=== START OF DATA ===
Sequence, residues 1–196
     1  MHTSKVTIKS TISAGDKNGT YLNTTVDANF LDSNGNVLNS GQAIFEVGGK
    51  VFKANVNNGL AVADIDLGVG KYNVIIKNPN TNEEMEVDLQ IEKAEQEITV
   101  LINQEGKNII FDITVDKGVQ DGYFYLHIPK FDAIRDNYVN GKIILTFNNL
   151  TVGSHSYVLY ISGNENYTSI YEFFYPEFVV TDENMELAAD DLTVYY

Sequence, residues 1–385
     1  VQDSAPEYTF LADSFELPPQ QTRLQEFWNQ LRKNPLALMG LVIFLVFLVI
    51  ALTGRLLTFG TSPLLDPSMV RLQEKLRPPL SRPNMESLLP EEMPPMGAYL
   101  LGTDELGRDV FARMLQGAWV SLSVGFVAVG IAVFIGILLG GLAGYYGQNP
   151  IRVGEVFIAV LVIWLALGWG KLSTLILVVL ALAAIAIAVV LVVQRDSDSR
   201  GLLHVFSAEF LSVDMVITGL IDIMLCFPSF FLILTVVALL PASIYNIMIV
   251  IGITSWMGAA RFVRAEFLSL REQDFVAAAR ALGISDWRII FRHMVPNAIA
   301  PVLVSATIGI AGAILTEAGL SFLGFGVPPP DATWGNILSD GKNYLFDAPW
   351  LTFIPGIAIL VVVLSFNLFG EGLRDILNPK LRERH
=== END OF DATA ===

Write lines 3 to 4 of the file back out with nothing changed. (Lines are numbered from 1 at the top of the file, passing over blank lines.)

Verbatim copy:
    51  VFKANVNNGL AVADIDLGVG KYNVIIKNPN TNEEMEVDLQ IEKAEQEITV
   101  LINQEGKNII FDITVDKGVQ DGYFYLHIPK FDAIRDNYVN GKIILTFNNL